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Investments and advice

Quarterly Monitoring Report Plan sponsors who sign up for investment advisory services receive the Quarterly Monitoring Report. You and your plan advisor can use the report to help select new investment options, monitor current investments and substantiate the diversity of your plan's investment options. The report includes: · commentary on the market and the investment options · notes and recommendations on funds that are failing performance criteria, have changed fund managers or have changed investmentobjectivesoroperations · examinationofperformancerelative to peers in each asset class, as well as analysis of long-term style orientation and style drift · data on industry diversification · information on market cap, portfolio compositionandbondexposure, aswellasregionalexposureof international and world stock funds Choosing the investments for your plan is one of your most crucial tasks as a fiduciary. The Standard makes it easier for you by providing a diverse selection of investment options. We will work with you to determine the best arrangement for your plan. Our investment selection and monitoring process is objectively defined, strictly enforced and free of institutional bias. We do not offer any proprietary mutual funds and do not retain fees paid by fund companies. The Standard provides you with fiduciary protection in several critical areas: · Investmentrecommendationsare100percentdrivenbywhat'sbestforyou and your participants. We disclose all plan fees and do not retain fees paid by fund companies. · YoureceiveanInvestmentPolicyStatementforyourplanbasedonyour investment goals, fund manager evaluations and monitoring. This is an essential tool for meeting your fiduciary obligations and defending any future legal actions. · ThroughtheQuarterly Monitoring Report, the investments in your plan are continually monitored to ensure that participants have a full range of quality options. We will remove or place on a watch list any fund that fails to meet our high standards. · Webelievesostronglyinourabilitytoprovidesoundinvestmentadviceand monitoring services that we will contract with you to serve as fiduciary for the investments offered in your plan.1

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Please ask for a sample investment advisory contract to review our clear written commitments.

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Partners who know what they're doing

As a fiduciary, you're in an unenviable position: You deal with complicated laws in a litigious society. In recent years, you've also faced a stock market that served up uncertainty and business reports full of market-timing scandals and corporate malfeasance. Even when you earnestly try to protect the best interests of your participants, a small mistake or overlooked requirement can come back to haunt you. That's why it's important to team with people who know what they're doing. Under these circumstances, you have to pick your partner wisely. Your support team will include your partner firm, account managers, sales representatives and people to service your plan and educate your participants. When you choose The Standard as your retirement plan provider, you're choosing a provider that is highly regarded by the industry for our due diligence in fund selection and monitoring.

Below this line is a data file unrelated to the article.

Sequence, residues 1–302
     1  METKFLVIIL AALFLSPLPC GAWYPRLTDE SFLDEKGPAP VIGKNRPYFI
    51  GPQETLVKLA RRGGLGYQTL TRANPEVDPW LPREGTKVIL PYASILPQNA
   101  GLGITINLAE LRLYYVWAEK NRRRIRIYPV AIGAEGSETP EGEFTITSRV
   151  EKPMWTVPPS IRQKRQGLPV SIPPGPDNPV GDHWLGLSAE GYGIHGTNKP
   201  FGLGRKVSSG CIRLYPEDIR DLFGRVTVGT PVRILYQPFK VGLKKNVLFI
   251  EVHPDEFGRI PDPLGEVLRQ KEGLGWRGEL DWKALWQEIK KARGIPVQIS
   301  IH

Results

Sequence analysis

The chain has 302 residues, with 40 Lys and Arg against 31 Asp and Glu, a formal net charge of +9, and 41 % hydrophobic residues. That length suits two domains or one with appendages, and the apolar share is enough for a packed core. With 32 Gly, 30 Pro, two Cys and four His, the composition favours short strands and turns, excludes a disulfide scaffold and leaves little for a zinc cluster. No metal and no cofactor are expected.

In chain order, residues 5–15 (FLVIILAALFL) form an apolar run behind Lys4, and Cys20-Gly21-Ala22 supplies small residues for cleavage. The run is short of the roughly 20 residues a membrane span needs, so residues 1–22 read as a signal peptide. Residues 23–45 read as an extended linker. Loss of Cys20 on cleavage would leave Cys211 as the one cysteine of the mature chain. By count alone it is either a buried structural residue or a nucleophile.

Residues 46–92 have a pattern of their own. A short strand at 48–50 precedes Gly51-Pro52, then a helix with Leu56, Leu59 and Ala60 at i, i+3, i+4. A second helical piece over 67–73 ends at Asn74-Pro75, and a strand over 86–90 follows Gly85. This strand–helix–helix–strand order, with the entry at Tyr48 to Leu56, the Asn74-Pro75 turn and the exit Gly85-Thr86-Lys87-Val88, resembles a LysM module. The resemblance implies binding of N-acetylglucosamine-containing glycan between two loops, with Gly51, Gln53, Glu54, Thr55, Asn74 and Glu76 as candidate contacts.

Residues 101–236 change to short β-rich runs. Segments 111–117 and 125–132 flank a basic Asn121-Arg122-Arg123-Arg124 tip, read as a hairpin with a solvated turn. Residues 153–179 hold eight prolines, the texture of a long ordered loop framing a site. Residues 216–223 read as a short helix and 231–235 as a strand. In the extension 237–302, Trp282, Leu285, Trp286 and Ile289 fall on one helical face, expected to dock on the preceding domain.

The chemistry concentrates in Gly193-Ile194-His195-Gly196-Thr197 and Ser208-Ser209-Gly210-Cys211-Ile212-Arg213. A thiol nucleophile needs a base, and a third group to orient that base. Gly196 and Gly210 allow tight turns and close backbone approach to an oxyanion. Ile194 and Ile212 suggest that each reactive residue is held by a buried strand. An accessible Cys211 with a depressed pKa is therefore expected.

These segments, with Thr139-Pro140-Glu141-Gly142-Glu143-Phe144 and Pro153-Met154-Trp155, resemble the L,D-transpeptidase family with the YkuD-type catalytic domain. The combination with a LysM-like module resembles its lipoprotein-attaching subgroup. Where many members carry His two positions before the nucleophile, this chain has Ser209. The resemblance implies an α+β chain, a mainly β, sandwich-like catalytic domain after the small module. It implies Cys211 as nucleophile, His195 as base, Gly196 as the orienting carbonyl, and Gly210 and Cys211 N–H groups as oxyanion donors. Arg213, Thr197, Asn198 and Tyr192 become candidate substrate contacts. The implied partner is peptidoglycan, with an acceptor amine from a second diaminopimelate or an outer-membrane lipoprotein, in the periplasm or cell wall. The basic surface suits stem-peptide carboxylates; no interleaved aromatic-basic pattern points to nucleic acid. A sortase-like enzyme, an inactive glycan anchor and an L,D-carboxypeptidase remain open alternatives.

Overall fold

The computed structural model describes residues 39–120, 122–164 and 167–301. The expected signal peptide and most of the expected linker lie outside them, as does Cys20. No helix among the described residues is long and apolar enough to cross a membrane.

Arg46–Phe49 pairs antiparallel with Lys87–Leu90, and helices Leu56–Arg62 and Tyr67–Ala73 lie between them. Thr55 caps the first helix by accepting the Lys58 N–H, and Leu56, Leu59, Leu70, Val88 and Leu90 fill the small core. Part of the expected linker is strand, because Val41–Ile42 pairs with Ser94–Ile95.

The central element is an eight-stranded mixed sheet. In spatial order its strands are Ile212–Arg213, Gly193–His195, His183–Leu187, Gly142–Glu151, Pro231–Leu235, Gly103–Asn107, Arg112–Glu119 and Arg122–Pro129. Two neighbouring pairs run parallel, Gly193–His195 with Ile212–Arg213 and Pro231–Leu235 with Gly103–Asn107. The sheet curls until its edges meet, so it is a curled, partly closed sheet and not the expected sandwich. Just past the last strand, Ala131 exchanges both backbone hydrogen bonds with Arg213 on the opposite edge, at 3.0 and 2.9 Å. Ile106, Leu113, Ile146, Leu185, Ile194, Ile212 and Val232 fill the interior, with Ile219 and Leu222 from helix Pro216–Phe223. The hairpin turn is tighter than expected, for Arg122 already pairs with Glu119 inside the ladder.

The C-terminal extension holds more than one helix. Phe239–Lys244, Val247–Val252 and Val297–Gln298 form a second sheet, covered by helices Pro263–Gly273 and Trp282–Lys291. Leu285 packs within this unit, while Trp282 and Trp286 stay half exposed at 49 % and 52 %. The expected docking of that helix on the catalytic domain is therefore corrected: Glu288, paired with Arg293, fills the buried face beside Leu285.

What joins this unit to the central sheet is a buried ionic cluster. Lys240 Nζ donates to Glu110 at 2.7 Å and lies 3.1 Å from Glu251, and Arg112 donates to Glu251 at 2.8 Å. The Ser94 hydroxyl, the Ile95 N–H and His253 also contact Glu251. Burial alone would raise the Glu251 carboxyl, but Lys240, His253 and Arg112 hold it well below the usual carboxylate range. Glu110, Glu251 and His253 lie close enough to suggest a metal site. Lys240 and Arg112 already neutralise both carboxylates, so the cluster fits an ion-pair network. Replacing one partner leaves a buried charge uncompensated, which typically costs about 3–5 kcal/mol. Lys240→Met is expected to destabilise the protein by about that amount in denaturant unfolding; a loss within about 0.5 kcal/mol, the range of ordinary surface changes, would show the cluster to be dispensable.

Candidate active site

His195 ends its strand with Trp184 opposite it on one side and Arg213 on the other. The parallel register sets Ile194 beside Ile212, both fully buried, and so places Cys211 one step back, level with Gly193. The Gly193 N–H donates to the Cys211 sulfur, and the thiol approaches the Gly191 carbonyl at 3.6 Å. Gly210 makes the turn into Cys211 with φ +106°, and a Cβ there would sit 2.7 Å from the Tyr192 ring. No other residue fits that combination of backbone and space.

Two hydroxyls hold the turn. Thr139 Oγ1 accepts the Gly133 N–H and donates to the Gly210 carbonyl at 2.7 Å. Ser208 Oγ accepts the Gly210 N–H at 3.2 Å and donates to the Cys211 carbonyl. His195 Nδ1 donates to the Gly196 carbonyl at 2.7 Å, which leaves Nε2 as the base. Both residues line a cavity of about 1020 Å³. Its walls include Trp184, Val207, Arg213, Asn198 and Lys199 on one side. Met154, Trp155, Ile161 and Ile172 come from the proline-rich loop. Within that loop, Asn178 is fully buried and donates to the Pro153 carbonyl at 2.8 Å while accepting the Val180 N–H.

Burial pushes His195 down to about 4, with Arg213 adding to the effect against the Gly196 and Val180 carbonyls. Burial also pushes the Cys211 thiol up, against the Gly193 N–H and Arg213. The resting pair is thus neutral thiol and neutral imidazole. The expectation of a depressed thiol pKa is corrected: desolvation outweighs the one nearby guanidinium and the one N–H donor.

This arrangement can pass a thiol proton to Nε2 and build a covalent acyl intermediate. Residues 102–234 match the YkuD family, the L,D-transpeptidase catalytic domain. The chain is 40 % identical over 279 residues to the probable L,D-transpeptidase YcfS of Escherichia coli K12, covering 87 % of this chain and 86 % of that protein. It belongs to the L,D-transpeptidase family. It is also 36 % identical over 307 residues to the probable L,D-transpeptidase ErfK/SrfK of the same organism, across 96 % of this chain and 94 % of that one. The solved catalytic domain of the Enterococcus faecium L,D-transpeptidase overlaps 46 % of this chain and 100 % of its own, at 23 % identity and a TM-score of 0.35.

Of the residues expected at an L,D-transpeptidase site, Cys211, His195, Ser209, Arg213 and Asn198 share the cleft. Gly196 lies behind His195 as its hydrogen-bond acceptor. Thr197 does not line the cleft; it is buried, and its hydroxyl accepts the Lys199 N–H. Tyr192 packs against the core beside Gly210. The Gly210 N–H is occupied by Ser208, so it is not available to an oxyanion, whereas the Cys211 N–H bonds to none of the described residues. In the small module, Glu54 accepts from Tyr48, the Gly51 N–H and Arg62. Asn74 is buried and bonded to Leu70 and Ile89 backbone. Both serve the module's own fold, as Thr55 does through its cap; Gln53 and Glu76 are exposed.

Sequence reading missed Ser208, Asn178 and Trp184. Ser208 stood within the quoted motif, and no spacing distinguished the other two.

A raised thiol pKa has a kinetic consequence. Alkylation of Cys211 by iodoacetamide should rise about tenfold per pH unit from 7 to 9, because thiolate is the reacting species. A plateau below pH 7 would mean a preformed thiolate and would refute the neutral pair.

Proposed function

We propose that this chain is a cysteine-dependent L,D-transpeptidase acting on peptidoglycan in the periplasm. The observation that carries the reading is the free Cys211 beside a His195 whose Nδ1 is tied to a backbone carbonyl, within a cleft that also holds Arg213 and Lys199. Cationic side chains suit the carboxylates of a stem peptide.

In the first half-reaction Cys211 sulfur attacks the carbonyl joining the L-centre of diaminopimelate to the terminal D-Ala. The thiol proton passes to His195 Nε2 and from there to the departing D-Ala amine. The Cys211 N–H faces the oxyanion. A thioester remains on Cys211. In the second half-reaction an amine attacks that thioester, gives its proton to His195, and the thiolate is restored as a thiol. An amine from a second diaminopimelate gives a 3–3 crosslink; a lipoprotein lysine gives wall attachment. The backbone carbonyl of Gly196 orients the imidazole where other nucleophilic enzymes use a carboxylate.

Who is The Standard? · Aleadingproviderofgroupand individual disability insurance, group life,AD&Danddentalinsurance, retirement plans, individual annuities and investment advice · Rankedbyourcustomersas among the retirement plan industry's leaders in customer service and overall satisfaction · Unbiasedinourapproachtoinvestment recommendations because we don't offer proprietary mutual funds or profit from the selection of one mutual fund over another · Foundedin1906inPortland,Oregon · 8.7millioncustomersand$18.7billion inplanassetsasofDecember31,2007

The time to act is now

The Standard works with your partner to identify an investment program that helps you manage your fiduciary responsibilities and provide participants with diverse and competitive investment options. The Standard's regional offices are staffed with pension professionals prepared to help solve your retirement plan challenges. The process begins as soon as you call us. We look forward to working with you.

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A checklist for fiduciaries